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Economic performance is stronger when Democrats hold the White House

๐ŸŒˆ Abstract

The article examines the economic performance of the United States under Democratic and Republican presidents, finding that the economy has consistently performed better under Democratic administrations across a range of key macroeconomic indicators. It also finds that economic growth under Democratic presidents has been more equally distributed across income groups.

๐Ÿ™‹ Q&A

[01] Aggregate Results

1. What are the key macroeconomic indicators examined in the article, and how do they compare between Democratic and Republican administrations? The article examines the following key macroeconomic indicators and finds a consistent Democratic advantage:

  • Real GDP growth
  • Real net domestic product per capita growth
  • Total and private job growth
  • Unemployment rate (including for Black jobseekers)
  • Real wage growth
  • Real business investment growth
  • Real personal income growth (excluding government transfers)
  • Inflation (both overall and core)
  • Federal funds rate

2. How large are the differences in performance between Democratic and Republican administrations? The differences are quite large. For example, real GDP growth is 1.2 percentage points higher on average under Democratic presidents, which would translate to an additional $330 billion in annual income for US families. The Democratic advantage is even larger for measures like real net domestic product per capita growth.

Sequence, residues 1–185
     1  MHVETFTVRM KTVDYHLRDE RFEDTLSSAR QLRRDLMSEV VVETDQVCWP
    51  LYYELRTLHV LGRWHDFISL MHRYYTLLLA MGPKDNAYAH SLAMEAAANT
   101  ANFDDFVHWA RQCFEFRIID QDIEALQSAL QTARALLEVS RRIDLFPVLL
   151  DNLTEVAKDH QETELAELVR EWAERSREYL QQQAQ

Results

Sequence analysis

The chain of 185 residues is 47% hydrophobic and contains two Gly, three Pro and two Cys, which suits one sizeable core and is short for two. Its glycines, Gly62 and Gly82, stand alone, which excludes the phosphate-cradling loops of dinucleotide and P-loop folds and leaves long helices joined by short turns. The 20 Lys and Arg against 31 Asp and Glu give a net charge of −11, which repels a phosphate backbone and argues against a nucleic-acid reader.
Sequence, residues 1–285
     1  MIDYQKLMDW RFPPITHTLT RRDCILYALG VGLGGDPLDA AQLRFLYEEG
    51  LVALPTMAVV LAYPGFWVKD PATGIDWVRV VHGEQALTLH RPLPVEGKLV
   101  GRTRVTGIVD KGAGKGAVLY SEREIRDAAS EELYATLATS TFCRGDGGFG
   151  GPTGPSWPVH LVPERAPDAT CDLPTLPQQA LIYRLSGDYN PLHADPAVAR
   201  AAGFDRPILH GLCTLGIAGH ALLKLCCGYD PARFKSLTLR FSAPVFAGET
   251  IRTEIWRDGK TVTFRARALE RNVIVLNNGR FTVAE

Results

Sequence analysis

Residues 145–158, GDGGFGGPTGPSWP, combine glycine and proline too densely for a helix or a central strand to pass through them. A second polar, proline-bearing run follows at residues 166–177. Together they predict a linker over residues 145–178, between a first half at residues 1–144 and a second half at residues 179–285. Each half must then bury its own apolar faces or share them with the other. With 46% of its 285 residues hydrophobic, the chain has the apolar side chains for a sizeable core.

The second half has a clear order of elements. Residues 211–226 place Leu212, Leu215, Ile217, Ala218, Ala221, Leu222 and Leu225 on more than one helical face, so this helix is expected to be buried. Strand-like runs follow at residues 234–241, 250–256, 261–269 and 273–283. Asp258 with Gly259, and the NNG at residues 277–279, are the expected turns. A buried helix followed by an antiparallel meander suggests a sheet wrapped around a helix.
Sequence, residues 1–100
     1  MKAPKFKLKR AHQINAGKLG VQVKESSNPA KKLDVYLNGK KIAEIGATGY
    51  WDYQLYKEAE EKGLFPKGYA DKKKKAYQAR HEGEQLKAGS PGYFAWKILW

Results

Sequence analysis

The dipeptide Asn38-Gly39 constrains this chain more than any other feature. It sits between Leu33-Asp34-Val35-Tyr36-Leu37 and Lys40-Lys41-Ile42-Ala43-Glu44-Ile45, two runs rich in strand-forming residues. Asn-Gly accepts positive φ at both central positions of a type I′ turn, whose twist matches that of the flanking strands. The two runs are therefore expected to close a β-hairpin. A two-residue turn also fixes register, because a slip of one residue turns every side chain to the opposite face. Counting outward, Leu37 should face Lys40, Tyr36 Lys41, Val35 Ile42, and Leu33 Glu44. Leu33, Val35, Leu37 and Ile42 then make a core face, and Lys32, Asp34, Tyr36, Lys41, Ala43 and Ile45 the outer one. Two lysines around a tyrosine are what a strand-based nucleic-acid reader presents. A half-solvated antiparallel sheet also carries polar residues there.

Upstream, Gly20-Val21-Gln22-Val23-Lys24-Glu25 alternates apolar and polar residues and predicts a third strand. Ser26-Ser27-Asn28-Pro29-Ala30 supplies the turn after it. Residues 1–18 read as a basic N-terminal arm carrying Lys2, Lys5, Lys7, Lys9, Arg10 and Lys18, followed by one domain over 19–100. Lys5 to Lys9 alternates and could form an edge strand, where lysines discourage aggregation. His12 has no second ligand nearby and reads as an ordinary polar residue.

3. How does the article address potential concerns about the time period examined? The article examines performance both for the full period since 1949 as well as just the post-1980 period. This helps address concerns that the results may be driven by very old data or structural changes over time. The Democratic advantage persists in both time periods.

[02] Distributional Results

1. How does income growth differ between Democratic and Republican administrations across the income distribution? The article finds that income growth is faster and more equally distributed under Democratic administrations. This holds true for both pre-tax money income and post-tax, post-transfer income measures. The Democratic advantage is largest for lower and middle-income groups.

2. Can you provide some specific examples of the differences in income growth? For the full 1949-present period, income growth for the bottom 20% was 188% faster under Democratic presidents. For the middle 60%, income growth was 48% faster. Even for the top 5%, income growth was about 10% faster.

3. Does this pattern of more equal income growth continue in the more recent post-1980 period? Yes, the article finds the Democratic advantage in more equal income growth persists even when focusing just on the post-1980 period.

[03] Conclusion

1. How does the article characterize the large and consistent Democratic advantage in economic performance? The article notes that the size of the Democratic advantage "strains credulity" given the limited direct control the president is thought to have over the economy. It suggests this information is important for voters to have when assessing which party is likely to be better economic managers.

2. What potential explanations does the article consider for the partisan differences in economic performance? The article acknowledges that factors like luck and chance play a role, and that presidents do not have total control over the economy. It suggests that those who prefer Republican policies may view the Democratic advantage as simply "bad luck" for their preferred policies.

3. Overall, what is the key takeaway of the article? The key takeaway is that the data clearly show a pronounced and consistent Democratic advantage in macroeconomic performance and income growth distribution, which is an important consideration for voters despite the limitations on the president's direct control over the economy.

Shared by Daniel Chen ยท
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